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Harold K. Hochschild​
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Harold Hochschild dedicated 44 years of distinguished service to American Metal Climax, Inc. (AMAX), where his skilled leadership played a major role in the diversification and growth of AMAX and the mining industry worldwide.​

Upon graduating from Yale in 1913, Hochschild joined American Metal Company Ltd. (Amco). In 1916, he became a Director of Amco, and moved steadily up the corporate ladder. By 1934 he was President, serving in this capacity until 1950. He was Chairman of the Board from 1947 until his retirement 10 years later. Under his leadership, Amco became a leader in custom smelting and refining in the United States.​

Early in his career, Amco provided financial backing to Climax Molybdenum Co. and, with the onset of World War I, the demand for molybdenum soared, with Climax being the largest single source of the strategic material. In 1930, negotiations with Selection Trust, holder of world-wide mining interests, resulted in Amco gaining a major interest in the African copper properties of Roan Antelope and Mufulira—two of the world’s largest copper mines. As a result, the outbreak of World War II in 1939 found Amco with large reserves of copper, another strategic metal. Hochschild made frequent trips to the African mines and, soon after the war ended, he had the company further expand its African interests with a base metals mine.​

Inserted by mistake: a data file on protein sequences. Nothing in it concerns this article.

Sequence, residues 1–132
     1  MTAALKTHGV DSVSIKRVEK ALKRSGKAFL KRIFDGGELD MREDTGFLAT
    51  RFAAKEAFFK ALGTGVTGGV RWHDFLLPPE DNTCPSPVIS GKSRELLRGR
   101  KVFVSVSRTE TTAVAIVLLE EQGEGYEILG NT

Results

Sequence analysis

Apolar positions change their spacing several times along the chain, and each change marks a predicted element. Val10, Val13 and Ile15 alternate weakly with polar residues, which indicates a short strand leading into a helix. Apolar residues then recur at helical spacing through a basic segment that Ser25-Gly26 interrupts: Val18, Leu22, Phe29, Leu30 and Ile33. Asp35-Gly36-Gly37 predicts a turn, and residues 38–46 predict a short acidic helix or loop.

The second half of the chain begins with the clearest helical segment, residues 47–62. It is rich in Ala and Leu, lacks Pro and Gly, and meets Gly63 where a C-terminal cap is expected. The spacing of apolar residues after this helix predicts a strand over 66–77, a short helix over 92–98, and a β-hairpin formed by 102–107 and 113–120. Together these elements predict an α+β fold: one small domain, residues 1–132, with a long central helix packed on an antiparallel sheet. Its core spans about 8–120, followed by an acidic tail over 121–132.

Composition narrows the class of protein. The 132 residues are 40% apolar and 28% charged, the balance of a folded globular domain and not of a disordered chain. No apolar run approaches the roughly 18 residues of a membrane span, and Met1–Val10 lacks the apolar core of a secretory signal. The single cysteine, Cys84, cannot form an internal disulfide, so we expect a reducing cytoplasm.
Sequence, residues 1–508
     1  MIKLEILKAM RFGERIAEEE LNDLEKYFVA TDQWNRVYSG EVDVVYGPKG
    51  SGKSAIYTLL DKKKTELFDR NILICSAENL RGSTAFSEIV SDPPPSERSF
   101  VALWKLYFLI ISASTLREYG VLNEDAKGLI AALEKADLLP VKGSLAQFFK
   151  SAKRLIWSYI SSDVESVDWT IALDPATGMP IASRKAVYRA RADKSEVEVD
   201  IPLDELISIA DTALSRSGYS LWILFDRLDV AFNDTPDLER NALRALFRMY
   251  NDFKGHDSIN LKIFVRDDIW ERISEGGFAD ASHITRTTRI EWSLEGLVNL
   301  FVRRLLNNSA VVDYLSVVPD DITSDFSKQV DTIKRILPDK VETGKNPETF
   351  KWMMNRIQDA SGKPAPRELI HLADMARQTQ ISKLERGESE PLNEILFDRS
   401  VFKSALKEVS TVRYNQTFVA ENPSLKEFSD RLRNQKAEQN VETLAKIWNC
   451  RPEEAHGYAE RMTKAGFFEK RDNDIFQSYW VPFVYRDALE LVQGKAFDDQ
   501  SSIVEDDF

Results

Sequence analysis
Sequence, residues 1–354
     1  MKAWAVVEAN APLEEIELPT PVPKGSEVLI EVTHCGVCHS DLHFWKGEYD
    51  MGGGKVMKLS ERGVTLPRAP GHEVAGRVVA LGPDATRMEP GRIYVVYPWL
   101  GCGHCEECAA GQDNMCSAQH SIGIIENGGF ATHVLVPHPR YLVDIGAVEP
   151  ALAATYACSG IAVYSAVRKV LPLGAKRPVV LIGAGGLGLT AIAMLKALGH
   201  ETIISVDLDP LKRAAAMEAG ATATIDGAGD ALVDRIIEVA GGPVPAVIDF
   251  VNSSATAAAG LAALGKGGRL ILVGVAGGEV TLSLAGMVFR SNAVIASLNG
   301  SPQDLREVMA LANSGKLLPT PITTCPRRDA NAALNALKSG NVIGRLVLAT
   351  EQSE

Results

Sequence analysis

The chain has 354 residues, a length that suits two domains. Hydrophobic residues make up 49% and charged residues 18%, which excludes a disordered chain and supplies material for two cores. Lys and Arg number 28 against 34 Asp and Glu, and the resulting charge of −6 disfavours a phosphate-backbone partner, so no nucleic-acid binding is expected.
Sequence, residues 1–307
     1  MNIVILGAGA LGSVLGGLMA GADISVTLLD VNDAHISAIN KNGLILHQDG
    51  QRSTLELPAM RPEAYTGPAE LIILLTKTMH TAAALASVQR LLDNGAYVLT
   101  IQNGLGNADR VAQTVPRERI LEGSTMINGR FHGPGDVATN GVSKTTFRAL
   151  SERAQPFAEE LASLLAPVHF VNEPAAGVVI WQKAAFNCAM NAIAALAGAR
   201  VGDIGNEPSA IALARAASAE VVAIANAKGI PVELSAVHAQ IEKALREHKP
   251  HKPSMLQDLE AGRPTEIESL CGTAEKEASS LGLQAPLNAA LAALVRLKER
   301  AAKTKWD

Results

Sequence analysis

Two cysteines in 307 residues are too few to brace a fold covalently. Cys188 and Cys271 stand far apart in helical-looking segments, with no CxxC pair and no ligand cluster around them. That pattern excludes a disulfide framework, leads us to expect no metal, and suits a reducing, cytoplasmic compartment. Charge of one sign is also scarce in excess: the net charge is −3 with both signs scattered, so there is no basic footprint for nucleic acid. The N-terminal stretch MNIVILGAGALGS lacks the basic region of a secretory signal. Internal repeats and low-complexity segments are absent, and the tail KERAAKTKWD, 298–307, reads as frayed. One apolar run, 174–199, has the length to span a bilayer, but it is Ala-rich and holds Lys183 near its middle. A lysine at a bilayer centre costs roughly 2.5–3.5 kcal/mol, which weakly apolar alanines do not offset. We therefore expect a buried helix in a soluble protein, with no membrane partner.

Under his skillful guidance, Amco flourished in the postwar years with expansion into the petroleum business and the opening of a potash mine in New Mexico. Canadian investments were also expanded with the development of base metal/silver mines in New Brunswick.​

In 1957, Climax produced its one hundred millionth ton of molybdenum and, as if to celebrate this milestone, Amco and Climax merged to form American Metal Climax, Inc., known worldwide as AMAX. Following the merger, Hochschild remained active as a Director and Honorary Chairman.​

Harold Hochschild was active in numerous organizations, including the Adirondack Historical Association, and the New York State Historical Association.  He authored Township 34, an exceptional history of the central Adirondacks.​